That thing happened over the weekend where people gave me gifts to commemorate that time I took my first breath free of amniotic fluid twenty-seven years ago. To me, this birthday officially sounds like a “long” time to have existed. It also sounds like that age where I’m really supposed to have my life figured out. But instead of worrying about that, I’ve decided instead to celebrate the wild ride that has shaped me into the bizarrely analytical geek that I am today. To do so, I have definitively ranked each year I lived based on its nerdy merits.
Is 10 too early to be a cynic? I hope not, because this was the official year the wool was pulled from my eyes. I have mostly George Lucas to thank for that, with the release of The Phantom Menace. Hopefully this is self-explanatory. This film taught me what true disappointment is. It also caused me to be embarrassed on behalf of all other 10-year-olds, thanks to Jake Lloyd.
However, secondarily, this was also the year that the “Rock Raiders” Lego sets were released, a premise so profoundly stupid I’m not even sure it’s worth explaining. Maybe they were trying to make mining sexy again? If so, a rock monster is totally not the way to go about it:
I remember my brother and I laughing a good deal, but it was also the moment I where I suddenly understand the dark face of consumerism.
I guess the year wasn’t a total loss? Friends peaked with “The One Where Ross Got High,” an episode I still rewatch every Thanksgiving.
In some ways, the year where I wasn’t even self-aware should probably rank the lowest, right? But then again, it also didn’t disappoint.
I don’t think Year 0 did much in the way of seeding my nerdy predilections, even if 1989 is truly the greatest on earth:
From what I’m told though, it involved a lot of watching The Little Mermaid on repeat, at my brother and sister’s request. Then they’d try to get me to recite Flounder’s lines and become incredibly frustrated with me when I’d inevitably fail. But at least there were no Star Wars prequels back then…
2010 was not a year without its merits. Harry Potter and the Deathly Hallows (Part 1) came out, slightly restoring my faith in movie adaptations, for instance. Of course this was also the same year that The Last Airbender was released, so…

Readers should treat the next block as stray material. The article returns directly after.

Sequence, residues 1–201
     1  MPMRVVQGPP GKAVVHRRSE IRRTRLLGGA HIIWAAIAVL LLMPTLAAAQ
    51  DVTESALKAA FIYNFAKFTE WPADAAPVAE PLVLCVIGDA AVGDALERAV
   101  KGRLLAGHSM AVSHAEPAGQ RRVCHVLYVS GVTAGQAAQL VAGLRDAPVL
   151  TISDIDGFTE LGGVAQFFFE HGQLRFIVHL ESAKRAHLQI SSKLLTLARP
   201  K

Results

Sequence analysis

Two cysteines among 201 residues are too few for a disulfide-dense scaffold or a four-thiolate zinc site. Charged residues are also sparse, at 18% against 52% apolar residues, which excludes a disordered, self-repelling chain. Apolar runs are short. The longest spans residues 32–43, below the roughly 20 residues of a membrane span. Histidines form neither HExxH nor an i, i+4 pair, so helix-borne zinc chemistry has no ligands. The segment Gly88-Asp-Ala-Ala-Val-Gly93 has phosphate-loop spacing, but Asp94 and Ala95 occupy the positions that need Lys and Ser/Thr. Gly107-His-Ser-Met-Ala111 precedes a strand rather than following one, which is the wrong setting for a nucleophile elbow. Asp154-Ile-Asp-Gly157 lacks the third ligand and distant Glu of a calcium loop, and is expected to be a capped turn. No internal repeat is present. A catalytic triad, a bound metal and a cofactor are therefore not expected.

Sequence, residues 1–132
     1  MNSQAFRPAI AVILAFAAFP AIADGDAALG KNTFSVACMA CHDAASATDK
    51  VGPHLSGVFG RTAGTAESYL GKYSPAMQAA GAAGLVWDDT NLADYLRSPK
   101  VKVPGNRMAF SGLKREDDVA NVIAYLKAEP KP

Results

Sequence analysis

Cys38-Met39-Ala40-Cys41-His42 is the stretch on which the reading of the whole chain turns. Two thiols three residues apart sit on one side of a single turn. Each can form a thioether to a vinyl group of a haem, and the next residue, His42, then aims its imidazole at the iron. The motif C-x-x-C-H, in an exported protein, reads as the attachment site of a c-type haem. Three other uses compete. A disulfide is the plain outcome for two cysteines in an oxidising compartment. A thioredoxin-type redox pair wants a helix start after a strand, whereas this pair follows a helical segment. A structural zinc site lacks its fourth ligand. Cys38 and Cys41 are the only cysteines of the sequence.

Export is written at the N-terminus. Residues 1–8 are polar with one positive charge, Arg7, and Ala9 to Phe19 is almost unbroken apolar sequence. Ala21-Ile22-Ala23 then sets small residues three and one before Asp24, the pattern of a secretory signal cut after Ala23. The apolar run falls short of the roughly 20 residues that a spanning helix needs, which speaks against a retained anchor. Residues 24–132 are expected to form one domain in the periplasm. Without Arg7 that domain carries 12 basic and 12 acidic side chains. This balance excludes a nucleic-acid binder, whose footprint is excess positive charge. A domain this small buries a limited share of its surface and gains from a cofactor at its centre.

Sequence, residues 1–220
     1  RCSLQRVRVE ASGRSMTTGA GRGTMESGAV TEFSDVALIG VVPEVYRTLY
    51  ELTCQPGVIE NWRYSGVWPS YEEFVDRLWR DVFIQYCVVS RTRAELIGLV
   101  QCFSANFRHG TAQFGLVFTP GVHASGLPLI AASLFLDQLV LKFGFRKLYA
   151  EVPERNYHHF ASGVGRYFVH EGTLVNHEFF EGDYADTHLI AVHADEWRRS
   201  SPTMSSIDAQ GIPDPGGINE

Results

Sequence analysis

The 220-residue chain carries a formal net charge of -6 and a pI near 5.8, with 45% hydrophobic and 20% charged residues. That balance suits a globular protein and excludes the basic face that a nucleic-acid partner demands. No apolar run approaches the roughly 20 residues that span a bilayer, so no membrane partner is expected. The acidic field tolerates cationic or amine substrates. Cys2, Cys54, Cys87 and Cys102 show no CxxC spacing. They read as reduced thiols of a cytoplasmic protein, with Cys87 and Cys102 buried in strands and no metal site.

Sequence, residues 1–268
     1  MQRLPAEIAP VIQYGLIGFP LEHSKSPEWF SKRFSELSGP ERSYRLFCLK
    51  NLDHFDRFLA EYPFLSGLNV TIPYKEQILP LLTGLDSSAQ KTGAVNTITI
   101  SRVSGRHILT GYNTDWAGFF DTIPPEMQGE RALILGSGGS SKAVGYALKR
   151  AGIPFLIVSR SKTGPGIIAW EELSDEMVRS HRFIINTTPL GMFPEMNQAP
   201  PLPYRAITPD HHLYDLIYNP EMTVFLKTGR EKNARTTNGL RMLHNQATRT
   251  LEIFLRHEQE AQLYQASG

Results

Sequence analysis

But while I could pretend that my reason for 2010’s low performance on this list is the result of the pseudo-intellectualism with no rewatch value dominating the box office (Inception and Black Swan, looking at you), there was only one event that occurred which I took into consideration: Lost’s conclusion.
I had sunk six good years of my life into this show…and not just watching, but actually participating in the “fandom” and theory crafting; blowing off my studies so that I could argue whether the four toed statue was Taweret or Sobek. Guess what? None of it mattered at all because Lost was the ultimate “long con.” I could go on, but my blood still boils. Not okay. To the sin bin with you.
2012 was the year I finished my Masters program and tried to pretend I was an adult by picking up shows like The Good Wife and Newsroom while ignoring the geek renaissance ushered in by the Avengers. It did not go super well. This was also the year I went through a bad breakup and binge-watched Smallville as a response. Then to end on a real stinker, The Hobbit: An Unexpected Journey was my Christmas movie.
Yeah…I could do without a repeat.
As I noted before, I didn’t know true disappointment until I was 10. But at 9, I began to suspect something was amiss with the release of the Rugrats movie. Why tamper with such a good formula? Also, Seinfeld ended, which was, in many ways, my third parent. I’m still not sure I’ve recovered.
I’m pretty sure the majority of this year was spent with my siblings making fun of me for not being able to locate Waldo in his riveting “Fantastic Journey.” But like, how miserable could I have been?